"Amazon blew past expectations last quarter and the stock soared, but instead of settling back as it historically has done, shares kept climbing as investors began to believe the extraordinary margins the company reported were the 'new normal,'" said Goldman. "But few analysts I'm talking to seem to think margins at these levels are sustainable and any hint that they're on the decline could hurt shares. Harry Potter is a nice catalyst for the site and is contributing to some optimism around the stock. The trouble is, a lot of the optimism is already built into shares and a disappointment could magnify any share-price slide."
Treasury Secretary Hank Paulson was clearly looking at the song book used by Treasury secretaries before him when he said "a strong dollar is in our nation's interest" on Kudlow yesterday. But Paulson also told CNBC's Larry Kudlow that "the dollar's value should be determined in a competitive marketplace, based on economic fundamentals." Guess he's been watching the action in the currency market.
The dollar yesterday was at a record low against the euro and is holding steady this morning though it is weaker against the yen on subprime worries. It is down 4.2% against the euro for the year.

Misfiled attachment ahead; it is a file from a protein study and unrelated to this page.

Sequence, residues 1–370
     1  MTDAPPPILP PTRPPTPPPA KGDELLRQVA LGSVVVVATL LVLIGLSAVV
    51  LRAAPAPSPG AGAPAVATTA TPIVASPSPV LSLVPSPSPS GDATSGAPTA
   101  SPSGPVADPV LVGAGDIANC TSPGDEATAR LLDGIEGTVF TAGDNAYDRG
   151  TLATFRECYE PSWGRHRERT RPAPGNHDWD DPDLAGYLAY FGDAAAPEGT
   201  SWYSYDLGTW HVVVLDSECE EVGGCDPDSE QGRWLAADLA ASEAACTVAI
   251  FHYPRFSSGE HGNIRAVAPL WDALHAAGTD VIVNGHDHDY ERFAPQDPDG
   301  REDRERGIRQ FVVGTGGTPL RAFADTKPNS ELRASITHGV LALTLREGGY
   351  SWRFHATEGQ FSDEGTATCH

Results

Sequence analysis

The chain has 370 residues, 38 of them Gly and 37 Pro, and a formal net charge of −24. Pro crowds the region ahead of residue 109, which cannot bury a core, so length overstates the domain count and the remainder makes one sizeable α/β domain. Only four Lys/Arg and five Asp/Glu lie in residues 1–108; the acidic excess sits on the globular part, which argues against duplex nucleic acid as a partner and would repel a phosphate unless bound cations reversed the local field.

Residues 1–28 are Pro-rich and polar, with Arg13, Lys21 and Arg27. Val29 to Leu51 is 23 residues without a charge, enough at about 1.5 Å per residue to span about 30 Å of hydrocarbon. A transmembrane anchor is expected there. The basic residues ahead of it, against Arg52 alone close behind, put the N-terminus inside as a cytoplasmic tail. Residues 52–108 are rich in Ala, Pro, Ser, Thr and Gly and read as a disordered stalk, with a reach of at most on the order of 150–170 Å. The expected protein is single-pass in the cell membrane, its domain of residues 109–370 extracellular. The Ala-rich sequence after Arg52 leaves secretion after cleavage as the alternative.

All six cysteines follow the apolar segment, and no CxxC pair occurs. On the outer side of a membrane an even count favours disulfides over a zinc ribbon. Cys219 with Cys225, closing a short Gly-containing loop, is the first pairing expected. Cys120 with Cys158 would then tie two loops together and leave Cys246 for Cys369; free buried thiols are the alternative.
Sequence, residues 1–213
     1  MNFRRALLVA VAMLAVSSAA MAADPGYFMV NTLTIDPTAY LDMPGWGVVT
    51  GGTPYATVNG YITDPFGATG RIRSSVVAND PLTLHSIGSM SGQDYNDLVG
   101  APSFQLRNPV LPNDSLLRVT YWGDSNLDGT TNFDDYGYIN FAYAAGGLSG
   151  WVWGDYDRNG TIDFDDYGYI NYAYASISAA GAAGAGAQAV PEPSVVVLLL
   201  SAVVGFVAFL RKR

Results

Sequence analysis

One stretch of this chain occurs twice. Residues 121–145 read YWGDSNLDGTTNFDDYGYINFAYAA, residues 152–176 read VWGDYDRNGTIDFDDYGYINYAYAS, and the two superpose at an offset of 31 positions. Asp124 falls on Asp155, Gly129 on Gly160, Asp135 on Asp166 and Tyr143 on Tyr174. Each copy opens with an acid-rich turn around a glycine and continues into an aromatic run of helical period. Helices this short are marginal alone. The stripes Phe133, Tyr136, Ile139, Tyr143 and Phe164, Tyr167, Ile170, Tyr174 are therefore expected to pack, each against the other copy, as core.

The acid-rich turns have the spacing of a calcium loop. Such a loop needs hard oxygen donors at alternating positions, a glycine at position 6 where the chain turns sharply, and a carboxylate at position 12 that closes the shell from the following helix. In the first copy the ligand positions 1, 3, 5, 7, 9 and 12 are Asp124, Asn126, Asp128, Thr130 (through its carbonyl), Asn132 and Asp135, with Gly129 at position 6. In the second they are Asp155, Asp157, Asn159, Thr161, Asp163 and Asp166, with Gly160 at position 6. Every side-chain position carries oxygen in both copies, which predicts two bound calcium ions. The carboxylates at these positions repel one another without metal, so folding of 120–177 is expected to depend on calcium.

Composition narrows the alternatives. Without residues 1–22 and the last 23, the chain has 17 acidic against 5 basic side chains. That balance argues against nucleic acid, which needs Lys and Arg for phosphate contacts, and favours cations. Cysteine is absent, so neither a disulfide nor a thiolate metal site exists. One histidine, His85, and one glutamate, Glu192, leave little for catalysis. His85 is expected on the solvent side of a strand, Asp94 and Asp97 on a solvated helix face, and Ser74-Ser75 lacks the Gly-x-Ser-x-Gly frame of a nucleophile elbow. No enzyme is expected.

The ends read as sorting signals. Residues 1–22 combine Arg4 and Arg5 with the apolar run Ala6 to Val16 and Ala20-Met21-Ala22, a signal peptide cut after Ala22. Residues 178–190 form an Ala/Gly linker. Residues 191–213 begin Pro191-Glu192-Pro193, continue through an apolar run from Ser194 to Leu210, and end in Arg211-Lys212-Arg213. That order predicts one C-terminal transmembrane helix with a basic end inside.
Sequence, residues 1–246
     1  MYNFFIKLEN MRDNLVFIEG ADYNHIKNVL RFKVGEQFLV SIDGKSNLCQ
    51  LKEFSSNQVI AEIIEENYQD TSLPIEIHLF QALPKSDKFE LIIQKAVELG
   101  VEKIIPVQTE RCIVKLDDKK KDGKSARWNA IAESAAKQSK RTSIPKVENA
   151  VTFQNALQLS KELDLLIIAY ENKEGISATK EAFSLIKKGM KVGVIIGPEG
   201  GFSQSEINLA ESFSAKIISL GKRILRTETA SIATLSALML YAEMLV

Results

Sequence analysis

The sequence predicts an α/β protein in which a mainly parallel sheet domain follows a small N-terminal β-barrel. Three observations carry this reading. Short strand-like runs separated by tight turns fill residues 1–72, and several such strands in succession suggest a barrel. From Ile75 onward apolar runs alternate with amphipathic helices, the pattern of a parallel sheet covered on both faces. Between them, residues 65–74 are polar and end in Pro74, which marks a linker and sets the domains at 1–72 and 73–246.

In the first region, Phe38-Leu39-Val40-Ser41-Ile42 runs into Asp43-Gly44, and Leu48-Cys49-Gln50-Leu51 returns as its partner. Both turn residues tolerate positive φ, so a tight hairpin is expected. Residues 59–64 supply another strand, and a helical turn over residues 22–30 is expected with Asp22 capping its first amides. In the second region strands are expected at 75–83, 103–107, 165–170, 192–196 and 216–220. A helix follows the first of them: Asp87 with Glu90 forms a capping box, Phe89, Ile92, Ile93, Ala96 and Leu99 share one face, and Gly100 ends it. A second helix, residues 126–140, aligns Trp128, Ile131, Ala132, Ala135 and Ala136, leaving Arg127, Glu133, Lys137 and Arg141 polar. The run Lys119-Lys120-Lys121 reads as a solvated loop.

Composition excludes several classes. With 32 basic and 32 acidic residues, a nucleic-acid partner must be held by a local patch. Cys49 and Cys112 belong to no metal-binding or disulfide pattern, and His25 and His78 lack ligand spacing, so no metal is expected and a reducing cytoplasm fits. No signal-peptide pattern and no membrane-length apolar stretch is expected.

The sliding dollar is starting to catch more attention in the general investor population, according to CNBC's Rick Santelli.
Santelli said he studied the business magazines and newspapers carefully this past weekend. "I read every single publication I could get my hands on. There really were 21 stories about the dollar and 17 stories about subprime. That's what kind of geek I am," Santelli said.
"I continue to say, 'when we say multinationals are doing great, it's nice to hear American companies are doing great.' What we're really saying is people outside our country have an advantage over us in purchasing power. It hurts on imports, and it helps us on exports," Santelli said.
The Financial Times today looks at the pressure the falling dollar is putting on OPEC countries' buying power, making the cartel reluctant to take measures that would reduce oil prices.
Oil prices are down again this morning after falling 1.2% yesterday on the comments from OPEC that it is indeed concerned about rising prices and that it will pump more crude are down again this morning after falling 1.2% yesterday on the comments from OPEC that it is indeed concerned about rising prices and that it will pump more crude if needed.